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Intermediate Sanctions

NCJ Number
Date Published
10 pages
Intermediate sanctions, as alternatives that are beginning to fill the sentencing gap between the extremes of incarceration and probation, have been a subject of exploration by the National Institute of Justice, which has sponsored conferences, workshops, and research projects.

The four primary types of intermediate sanctions include day fines, intensive supervision probation (ISP), electronic monitoring and house arrest, and shock incarceration programs. Day fines are tailored to a defendant's ability to pay; while the amount of a fine may differ between defendants, the impact of the fine on each should be approximately equal. As a result of a Staten Island pilot project, court-imposed fines increased by 14 percent; day fines were collected in full as frequently as lower, fixed fines and did not affect the types of offenses that typically drew a fine. ISP is designed to be stricter than regular probation, often requiring offenders to pay restitution, hold a job or perform community service, submit to unscheduled alcohol and drug screening, and pay part of the probation costs. An evaluation of 14 ISP projects showed that ISPs provided closer supervision and more effective surveillance of offenders, but were more costly than regular probation and less effective in reducing recidivism. A survey of electronic monitoring suggested that the practice has been expanded to a much broader range of offenders, that chances of successful termination did not vary among types of offenders, and that there were no differences in successful termination among probationers, offenders on parole, or those in community corrections. Evaluations of several shock incarceration programs have shown that a high percentage of offenders complete the programs satisfactorily, demonstrating improved educational and vocational levels. 3 tables and 26 references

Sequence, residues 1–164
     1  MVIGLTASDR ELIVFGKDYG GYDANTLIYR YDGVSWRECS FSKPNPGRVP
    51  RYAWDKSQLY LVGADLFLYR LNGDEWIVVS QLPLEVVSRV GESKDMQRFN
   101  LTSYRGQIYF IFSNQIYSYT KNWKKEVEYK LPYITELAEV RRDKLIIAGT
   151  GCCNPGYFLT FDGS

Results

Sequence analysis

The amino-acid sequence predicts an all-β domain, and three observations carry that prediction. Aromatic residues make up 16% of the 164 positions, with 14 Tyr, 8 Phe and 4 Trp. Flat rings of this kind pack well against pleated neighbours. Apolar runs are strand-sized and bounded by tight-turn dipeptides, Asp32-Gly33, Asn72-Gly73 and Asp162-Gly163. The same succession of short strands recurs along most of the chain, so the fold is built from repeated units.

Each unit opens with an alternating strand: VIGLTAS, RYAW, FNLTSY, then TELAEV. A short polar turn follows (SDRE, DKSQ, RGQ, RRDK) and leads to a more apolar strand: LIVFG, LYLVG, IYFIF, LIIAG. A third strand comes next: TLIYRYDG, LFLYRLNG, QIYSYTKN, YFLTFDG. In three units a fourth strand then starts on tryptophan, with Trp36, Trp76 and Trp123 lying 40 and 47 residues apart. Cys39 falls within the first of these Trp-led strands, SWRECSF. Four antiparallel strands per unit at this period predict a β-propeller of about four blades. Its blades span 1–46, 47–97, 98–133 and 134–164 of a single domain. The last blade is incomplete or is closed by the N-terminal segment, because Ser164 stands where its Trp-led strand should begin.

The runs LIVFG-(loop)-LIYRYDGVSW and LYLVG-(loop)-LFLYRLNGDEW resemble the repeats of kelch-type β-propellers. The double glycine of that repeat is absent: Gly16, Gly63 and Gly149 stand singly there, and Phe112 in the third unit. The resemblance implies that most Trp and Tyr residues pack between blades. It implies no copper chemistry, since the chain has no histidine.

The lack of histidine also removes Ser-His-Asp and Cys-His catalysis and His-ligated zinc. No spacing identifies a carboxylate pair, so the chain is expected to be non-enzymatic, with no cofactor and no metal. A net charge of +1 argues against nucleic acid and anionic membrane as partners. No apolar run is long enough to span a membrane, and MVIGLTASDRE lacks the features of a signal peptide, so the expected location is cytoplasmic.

Date Published: January 1, 1993